By Hillel Aron
By Joseph Tsidulko
By Patrick Range McDonald
By David Futch
By Hillel Aron
By Dennis Romero
By Jill Stewart
By Dennis Romero
"Lift your nut sack.”
(Click to enlarge)
I hope I never hear this phrase again.
Popeye, a 50-year-old, cornrowed black dude wearing white surgical gloves, is now pointing out what to look for to a concerned 20-something kid named Manny. I am their anatomical test dummy. I stand stark naked in a small shower room at Impact Drug and Alcohol Treatment Center in Pasadena. It’s the most hardcore rehab in town, they say. I am quickly finding out why.
“Now turn around, bend over, and spread ’em,” barks my anal examiner. Manny gives me two paper towels to stand on while Popeye does his examining. Manny looks on like a protégé admiring his mentor. Even I, a pretty damn good extrovert, cannot come up with any small talk.
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For the record, only Jim Stilwell, the legendary executive director of Impact, knows I am here undercover. When I first suggested the idea to Stilwell, a burly 60-ish biker type with a walrus mustache, I had to drop a bunch of names to widen his comfort zone. But to his credit, the savvy ex-junkie quickly got it. He had nothing to hide. According to Stilwell, everything would be standard operating procedure. I would be processed as a regular resident and treated as such for the duration of my stay. No employee or patient would know why I was there.
After an hour’s worth of paperwork, I am led into the main yard of the 130-bed facility. I have never been a patient in a rehab, and it’s like walking into another world. Some really hard-looking men (and women) chain-smoke on the outside patio. There is no swimming pool here, no equine therapy or “talking sticks.” There are carrots but no carrot juice.
I am given the 21-page Residential Client General Rules. A young gap-toothed kid named Michael takes me into a tiny, empty office to go over them page by page. It takes an hour.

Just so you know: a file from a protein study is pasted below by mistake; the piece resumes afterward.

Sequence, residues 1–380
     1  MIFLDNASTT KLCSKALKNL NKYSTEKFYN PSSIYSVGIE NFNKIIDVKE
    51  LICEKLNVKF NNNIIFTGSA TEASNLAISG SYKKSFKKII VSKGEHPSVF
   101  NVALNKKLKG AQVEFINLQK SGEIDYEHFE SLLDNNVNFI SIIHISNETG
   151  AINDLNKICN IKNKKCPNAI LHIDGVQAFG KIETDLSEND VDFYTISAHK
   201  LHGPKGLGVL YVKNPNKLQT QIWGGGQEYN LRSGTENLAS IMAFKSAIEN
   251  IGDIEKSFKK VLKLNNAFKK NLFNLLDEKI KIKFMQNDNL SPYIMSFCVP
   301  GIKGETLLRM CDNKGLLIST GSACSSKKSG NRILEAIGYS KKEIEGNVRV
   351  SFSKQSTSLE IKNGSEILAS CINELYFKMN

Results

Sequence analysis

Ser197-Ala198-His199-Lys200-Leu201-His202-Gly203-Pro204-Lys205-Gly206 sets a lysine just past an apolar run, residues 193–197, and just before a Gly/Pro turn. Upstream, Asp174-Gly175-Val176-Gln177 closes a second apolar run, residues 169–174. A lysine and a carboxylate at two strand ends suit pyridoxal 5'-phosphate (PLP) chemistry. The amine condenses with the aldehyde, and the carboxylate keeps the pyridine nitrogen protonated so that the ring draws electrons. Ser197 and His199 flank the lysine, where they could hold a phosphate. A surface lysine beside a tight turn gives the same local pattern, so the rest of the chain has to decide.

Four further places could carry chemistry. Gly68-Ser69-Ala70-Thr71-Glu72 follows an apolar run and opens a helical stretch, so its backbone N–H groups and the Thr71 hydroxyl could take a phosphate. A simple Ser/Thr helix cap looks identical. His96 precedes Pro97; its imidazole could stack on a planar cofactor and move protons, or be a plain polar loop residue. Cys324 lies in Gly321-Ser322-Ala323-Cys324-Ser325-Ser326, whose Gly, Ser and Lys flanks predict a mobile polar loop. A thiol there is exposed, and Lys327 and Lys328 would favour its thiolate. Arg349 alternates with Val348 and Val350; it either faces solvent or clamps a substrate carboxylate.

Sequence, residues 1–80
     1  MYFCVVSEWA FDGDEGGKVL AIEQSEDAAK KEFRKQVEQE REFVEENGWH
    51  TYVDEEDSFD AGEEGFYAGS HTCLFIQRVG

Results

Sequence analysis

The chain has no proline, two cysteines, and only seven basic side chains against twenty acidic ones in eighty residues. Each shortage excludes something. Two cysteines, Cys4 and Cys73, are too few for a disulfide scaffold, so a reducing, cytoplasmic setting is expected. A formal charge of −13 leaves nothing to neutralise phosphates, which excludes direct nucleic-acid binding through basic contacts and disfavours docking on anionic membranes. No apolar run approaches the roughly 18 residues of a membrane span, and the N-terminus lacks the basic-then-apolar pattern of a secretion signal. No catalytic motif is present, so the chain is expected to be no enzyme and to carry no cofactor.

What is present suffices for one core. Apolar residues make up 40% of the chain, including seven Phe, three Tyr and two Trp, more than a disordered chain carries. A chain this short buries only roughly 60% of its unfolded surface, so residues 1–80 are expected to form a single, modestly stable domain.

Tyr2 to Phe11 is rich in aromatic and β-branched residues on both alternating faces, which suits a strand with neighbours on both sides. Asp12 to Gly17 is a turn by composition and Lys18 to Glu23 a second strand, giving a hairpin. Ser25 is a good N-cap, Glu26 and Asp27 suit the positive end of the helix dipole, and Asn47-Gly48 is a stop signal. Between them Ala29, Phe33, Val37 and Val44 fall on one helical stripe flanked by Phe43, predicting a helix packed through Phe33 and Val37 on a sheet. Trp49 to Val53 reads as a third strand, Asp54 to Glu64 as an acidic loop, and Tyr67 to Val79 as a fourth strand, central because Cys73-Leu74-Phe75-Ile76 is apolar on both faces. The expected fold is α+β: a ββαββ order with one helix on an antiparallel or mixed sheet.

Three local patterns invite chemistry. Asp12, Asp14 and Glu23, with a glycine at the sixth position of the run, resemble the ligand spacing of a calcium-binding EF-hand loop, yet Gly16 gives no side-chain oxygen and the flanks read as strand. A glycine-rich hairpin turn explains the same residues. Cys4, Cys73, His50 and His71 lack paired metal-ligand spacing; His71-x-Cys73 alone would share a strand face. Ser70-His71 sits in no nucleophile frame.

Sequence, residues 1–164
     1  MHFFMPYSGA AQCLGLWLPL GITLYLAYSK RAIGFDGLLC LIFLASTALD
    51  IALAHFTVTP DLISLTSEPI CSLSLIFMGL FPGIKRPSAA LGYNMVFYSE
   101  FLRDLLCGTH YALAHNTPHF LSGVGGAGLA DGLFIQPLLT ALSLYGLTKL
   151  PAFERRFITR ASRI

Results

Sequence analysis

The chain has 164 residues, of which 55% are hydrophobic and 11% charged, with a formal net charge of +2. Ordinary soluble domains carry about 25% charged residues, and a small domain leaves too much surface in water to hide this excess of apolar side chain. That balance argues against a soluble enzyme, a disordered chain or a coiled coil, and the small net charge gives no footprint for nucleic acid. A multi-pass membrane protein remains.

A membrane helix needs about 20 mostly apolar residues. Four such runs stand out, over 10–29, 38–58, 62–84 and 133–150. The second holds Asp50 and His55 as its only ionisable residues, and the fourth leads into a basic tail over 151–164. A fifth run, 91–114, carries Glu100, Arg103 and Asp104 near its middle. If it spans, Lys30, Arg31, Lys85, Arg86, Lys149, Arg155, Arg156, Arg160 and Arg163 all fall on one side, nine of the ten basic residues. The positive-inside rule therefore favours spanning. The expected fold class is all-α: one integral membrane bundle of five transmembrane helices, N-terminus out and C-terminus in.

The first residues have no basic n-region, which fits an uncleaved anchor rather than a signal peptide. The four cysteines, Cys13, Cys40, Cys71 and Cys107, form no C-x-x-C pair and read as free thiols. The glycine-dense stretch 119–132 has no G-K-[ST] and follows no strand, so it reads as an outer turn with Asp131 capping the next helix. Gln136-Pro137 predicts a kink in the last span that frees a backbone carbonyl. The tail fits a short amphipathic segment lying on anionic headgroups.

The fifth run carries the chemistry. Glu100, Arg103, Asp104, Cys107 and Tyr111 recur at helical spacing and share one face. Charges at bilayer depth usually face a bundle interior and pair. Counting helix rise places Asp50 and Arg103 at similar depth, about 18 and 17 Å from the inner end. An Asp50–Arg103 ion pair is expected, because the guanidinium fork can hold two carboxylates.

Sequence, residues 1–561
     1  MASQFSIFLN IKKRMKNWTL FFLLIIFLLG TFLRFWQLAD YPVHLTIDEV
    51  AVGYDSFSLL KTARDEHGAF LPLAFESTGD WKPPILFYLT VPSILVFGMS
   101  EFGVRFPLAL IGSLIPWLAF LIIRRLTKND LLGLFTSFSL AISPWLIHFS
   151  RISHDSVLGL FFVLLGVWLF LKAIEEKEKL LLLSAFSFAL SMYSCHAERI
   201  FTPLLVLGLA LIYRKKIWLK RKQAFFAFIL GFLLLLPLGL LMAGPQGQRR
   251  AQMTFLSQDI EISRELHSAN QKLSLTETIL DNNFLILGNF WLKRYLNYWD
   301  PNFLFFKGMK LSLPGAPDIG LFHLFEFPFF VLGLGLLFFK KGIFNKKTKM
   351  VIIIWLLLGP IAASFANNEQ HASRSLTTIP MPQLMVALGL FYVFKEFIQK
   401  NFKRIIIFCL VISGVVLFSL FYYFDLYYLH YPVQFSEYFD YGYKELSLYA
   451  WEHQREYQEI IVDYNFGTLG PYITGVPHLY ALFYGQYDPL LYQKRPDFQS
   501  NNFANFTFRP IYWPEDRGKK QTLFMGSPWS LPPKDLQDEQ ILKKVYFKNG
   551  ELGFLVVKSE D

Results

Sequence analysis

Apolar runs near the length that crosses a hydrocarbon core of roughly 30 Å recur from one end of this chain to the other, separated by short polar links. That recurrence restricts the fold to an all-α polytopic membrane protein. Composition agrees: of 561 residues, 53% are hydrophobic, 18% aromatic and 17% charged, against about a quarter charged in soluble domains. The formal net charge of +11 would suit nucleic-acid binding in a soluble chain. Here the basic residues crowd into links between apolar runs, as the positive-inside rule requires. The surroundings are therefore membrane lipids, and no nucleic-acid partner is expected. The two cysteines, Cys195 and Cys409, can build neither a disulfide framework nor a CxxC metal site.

There are many, many rules. Most are harsh, some are weird: No sunglasses, no tattoo paraphernalia and no haircutting articles. Portable TVs are allowed in rooms if the resident is Third Phase. Second Phase residents may have radios. No radios or TVs for First Phase residents.It all seems very foreign. Very cultish. Very prisonlike.
After the examination, I’m finally turned over to my impatient “daddy” — someone who shadows your every move for the first few days. You are his “baby.” In fact, everyone calls you baby. Not in the Sinatra way but in the infant way. It is all very humiliating. This is by design.
My daddy is a 50-year-old Latin gangbanger named Lorenzo, who did 21 years in prison for various infractions, one of them beating a man nearly to death with a pipe for refusing to pay his rent on some property Lorenzo owned. Lorenzo was a professional dope slinger. He also put in custom-made windows. He tells me he had seven years clean, when he “got busy and stopped going to N.A. meetings.”
In Impact for the past six months, he had worked his way up to Phase 3, the highest at this facility, when he was inexplicably de-phased back to square one. As he told me his crime/addiction/recovery story in the tiny cubicle that was his room, his eyes moistened. He took pride in Phase 3. He couldn’t fathom what he had done to deserve this “demotion.”
“I need to keep these in my pockets,” he mumbles, gesturing to his fists. He is a tightly wound guy. Very rarely smiles. When he does, it seems forced. Like someone is watching, and he has to do it. He is a good man. He wants it bad. I hope he makes it.
Lorenzo passes me an additional set of handwritten rules, headlined: “Getting Your Wings.” (Getting your wings is Impact-speak for shedding your Daddy.) I read the forbidden“Five F's”:
The first one, I quickly get. No fighting. Easy. The third rule, no fixing. I can see that. Numbers two and four, fucking and flirting — these are really, really frowned upon. (As we walk through the woman’s section, I am instructed to yell, “Man walking here,” which I do rather meekly. I’m so terrified that I keep my eyes averted and my head down.) But number five? Fruiting? What is fruiting? Is it like fisting but with a papaya?
I would later learn from John Albert, who spent 18 months in Impact and ended up working on its staff from 1985 to 1987, that “it all started with [Epitaph Records founder and Bad Religion guitarist] Brett Gurewitz. He would get his dealer to throw oranges loaded with dope in there, then he would sit up at night and do speedballs.”